Experiencing a divorce within a family is never easy for anyone. While the end of marriage greatly impacts all of those involved, it changes the life and future of their children. A life they once knew is now changed forever, and they are forced to adapt to a new one. While some parents are able to agree to certain custody arrangements, others have difficulty agreeing on what is best for the child. When deliberating custody arrangements, there are different types to be considered by a family.
When a court awards a parent with physical custody, it means they are the individual with whom the child spends most of their time. This is often referred to as residential custody, as it dictates the child’s residency and day-to-day life. The parent with physical custody is also sometimes known as the “custodial” parent or the primary caretaker. This allows them to dictate the parenting times of the other party involved in the custody agreement.
While only one parent can be awarded physical custody, it is still important for both parents to fight for legal custody of their child. Even if a parent is not present every day of their child’s life, it is crucial that they still hold influence in the important decisions of their life. Legal custody handles that aspect. It allows a parent to be involved in all decisions that are made regarding the child’s upbringing. This may consist of healthcare, academics, religion, and the welfare of the child. Sole legal custody of a child is sometimes possible, but usually rare. Courts tend to encourage both parents to be involved in their child’s life under most circumstances. Sole custody may be awarded if a parent is deemed “unfit.” This may happen if that parent does not have the child’s best interest at heart or is believed to possibly endanger them. Even in this case, the parent is still allowed limited visitation.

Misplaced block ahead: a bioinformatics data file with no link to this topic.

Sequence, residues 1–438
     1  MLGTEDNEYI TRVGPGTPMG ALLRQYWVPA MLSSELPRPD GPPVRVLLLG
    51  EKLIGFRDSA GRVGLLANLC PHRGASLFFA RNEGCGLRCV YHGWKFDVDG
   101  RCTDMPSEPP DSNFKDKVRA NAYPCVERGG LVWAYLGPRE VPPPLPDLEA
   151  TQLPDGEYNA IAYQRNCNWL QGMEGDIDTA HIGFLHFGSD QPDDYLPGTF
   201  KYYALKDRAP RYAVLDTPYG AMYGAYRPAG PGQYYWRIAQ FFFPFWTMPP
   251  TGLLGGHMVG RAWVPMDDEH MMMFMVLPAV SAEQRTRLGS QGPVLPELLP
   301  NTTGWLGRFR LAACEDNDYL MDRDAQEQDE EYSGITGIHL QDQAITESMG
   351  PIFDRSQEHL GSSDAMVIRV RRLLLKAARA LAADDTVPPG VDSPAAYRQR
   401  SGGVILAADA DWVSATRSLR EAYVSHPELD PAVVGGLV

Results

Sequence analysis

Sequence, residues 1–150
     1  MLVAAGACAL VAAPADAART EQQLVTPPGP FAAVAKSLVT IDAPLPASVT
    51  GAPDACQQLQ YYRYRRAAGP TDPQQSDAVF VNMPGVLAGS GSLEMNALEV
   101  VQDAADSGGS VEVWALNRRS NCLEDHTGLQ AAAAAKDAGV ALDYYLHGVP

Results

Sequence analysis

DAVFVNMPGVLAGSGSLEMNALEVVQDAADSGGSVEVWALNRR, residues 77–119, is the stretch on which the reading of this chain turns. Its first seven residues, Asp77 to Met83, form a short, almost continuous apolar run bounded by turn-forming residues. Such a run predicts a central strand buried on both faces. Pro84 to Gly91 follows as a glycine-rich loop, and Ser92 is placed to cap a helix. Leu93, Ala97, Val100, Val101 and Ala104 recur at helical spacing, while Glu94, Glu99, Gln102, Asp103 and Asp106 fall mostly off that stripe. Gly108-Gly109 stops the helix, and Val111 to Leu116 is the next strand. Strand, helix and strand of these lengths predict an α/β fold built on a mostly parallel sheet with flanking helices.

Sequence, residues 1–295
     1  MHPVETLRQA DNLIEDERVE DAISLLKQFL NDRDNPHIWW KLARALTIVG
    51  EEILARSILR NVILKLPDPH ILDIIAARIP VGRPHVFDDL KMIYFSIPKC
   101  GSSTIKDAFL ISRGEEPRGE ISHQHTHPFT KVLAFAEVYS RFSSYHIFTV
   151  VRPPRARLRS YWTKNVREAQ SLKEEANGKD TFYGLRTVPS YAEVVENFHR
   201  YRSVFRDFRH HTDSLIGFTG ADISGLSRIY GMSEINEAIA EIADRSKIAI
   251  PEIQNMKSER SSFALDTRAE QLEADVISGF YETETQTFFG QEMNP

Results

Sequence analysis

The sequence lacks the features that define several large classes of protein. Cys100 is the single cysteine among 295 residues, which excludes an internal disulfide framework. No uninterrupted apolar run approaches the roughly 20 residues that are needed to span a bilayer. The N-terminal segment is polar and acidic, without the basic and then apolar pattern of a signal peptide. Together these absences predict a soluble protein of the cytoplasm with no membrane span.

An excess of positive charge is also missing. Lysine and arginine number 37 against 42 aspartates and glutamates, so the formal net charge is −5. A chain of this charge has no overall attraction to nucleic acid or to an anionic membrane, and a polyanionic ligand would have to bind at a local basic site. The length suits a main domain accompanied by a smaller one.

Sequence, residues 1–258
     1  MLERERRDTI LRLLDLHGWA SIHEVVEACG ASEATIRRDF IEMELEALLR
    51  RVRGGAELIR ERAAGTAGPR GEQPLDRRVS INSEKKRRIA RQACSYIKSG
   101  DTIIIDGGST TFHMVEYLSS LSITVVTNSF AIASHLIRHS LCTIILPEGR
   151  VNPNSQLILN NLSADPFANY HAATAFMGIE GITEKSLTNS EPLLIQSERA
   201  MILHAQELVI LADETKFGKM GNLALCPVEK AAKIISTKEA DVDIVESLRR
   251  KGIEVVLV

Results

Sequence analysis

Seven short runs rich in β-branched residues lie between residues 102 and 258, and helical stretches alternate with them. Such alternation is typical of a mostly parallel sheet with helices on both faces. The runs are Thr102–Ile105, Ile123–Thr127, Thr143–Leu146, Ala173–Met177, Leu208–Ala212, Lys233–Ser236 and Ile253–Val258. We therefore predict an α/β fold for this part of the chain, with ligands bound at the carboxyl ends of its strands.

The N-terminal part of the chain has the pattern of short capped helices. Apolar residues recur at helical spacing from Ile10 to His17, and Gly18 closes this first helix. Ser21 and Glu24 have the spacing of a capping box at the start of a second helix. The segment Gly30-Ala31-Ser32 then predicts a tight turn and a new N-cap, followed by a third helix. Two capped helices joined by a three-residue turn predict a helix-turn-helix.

Child care is important and not an issue what should be taken lightly. Deciding who is right to take care of a child is not easy. When a child custody case comes to court, the judge always acts in the best interest of the child. There are several things to be considered when coming to this conclusion. Some significant factors may include:
- The bond between the child and each parent
- The parents’ acceptance of custody
- The child’s needs
- The stability that each parent can provide the child
- If the parent will act in the child’s best interest
- History of abuse (physical, alcohol, drug)
- The preference of the child if they are of sufficient age
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If you or a family member is going through a divorce and seeking legal representation for child custody, contact the Law Offices of Haber Silver & Simpson today.
If you require strong legal representation for matters related to divorce or family law, Haber Silver & Simpson is here to help. We proudly represent clients in Morris County and throughout the state of New Jersey. Contact our firm today to schedule a consultation.